The Christians of early ages were mostly recent converts from heathenism, and needed rigorous treatment. Public penance generally consisted in exclusion from the company of the faithful; the excommunicate were only allowed to kneel in the vestibule of the Church and hear the first portion of the Mass; they were not permitted to receive holy communion, and as a rule, were not absolved until the expiration of their term of penance. During that time on fixed days they had to fast on bread and water. This public penance usually lasted seven years; it was only imposed for grave offences, such as apostasy, giving the Holy Scriptures into the hands of pagans, etc.; for heinous crimes such as murder, the period was still longer. For lesser transgressions a fast of forty days was the ordinary penance. But the Church knew that the design of God is not so much to chastise the sinner as to detach him from earthly affections and lead him to amend; thus, if the penitent showed by his conduct that his conversion was not superficial, but real, it was deemed unnecessary for him to do further penance. Consequently the penitential works were in some cases partially or wholly remitted. Now since Christians form one body among themselves, the communion of saints, they can make satisfaction for one another; hence the martyrs pleaded on behalf of the penitents. St. Thomas Aquinas says that what friends do for us we do in a measure for ourselves, since by reciprocity of affection two are made one.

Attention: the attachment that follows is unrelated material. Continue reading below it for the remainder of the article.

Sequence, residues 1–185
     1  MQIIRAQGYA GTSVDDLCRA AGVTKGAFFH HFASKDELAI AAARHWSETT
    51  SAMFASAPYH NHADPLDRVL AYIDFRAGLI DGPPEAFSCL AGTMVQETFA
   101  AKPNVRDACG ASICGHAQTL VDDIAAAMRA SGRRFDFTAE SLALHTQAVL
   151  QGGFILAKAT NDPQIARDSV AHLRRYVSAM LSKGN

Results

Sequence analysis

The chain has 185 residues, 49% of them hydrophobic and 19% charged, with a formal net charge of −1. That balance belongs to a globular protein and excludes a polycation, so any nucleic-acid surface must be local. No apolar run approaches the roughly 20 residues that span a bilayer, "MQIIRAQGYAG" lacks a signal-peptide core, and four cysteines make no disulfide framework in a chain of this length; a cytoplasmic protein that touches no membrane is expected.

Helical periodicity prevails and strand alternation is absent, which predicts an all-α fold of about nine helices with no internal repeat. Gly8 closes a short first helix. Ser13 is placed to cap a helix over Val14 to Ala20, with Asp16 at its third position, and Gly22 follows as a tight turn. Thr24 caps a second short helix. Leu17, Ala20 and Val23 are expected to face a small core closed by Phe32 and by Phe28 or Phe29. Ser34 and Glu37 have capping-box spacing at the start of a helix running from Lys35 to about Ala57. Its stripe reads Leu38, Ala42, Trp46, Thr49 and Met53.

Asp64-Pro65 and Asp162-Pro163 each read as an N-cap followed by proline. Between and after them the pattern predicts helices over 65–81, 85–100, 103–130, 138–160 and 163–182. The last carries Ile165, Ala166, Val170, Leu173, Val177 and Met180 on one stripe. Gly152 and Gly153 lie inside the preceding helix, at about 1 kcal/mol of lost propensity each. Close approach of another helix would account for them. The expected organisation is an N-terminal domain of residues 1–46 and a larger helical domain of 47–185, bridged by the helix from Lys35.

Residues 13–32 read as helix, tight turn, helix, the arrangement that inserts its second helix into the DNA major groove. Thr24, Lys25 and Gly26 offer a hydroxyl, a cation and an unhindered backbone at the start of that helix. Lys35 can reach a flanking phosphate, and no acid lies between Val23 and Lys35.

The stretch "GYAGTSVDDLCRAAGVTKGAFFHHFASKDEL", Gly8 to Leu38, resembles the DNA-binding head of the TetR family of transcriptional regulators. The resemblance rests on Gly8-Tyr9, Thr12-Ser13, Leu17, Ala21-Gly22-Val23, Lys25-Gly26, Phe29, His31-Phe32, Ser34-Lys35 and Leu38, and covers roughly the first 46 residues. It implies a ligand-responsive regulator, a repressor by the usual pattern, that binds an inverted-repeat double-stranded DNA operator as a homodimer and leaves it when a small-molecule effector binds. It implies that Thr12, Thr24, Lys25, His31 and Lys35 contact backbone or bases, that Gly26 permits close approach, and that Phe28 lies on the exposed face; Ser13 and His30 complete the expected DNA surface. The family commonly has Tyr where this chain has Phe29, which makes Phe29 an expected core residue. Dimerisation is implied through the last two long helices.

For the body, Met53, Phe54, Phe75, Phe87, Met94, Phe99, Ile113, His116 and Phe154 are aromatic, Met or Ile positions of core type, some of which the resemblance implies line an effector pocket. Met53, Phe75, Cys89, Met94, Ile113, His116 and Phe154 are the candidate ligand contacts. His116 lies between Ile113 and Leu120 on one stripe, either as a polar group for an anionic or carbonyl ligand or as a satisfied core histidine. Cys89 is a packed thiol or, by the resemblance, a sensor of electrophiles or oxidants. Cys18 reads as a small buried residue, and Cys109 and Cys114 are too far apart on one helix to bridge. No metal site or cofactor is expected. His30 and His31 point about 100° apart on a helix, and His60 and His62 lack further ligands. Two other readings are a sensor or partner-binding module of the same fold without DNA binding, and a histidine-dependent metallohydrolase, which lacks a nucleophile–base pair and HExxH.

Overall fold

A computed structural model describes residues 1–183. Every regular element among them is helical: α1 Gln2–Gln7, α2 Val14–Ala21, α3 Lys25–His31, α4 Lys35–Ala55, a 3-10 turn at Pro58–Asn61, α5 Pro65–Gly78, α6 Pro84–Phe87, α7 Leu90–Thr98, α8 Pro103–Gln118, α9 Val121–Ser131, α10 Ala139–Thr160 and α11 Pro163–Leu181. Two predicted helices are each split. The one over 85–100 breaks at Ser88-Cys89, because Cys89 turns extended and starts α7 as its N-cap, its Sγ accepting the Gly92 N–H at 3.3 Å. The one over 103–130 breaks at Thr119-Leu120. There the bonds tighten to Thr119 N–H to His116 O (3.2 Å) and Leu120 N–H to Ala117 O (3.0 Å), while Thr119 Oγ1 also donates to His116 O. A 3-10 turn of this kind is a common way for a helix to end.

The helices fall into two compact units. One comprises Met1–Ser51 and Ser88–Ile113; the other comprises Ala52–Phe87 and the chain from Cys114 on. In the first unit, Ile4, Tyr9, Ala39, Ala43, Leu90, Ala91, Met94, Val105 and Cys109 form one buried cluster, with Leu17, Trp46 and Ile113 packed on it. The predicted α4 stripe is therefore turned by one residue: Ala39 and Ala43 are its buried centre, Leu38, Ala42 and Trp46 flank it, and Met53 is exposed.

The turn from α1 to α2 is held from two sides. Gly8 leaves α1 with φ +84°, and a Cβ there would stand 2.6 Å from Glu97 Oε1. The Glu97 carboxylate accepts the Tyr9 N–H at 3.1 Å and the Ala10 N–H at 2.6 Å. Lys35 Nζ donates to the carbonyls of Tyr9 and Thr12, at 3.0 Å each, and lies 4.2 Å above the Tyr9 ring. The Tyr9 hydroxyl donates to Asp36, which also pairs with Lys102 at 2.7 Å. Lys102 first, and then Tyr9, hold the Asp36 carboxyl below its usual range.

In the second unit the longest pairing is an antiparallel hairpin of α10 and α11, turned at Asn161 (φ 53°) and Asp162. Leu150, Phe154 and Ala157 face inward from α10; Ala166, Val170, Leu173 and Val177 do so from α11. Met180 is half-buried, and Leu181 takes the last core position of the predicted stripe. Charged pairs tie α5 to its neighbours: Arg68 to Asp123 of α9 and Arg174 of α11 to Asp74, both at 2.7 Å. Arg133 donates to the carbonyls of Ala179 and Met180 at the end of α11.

2. In later times, when public penances were abrogated, the Church permitted the contrite sinner to discharge the debt of temporal punishment due to sin by means of almsdeeds, crusades, or pilgrimages.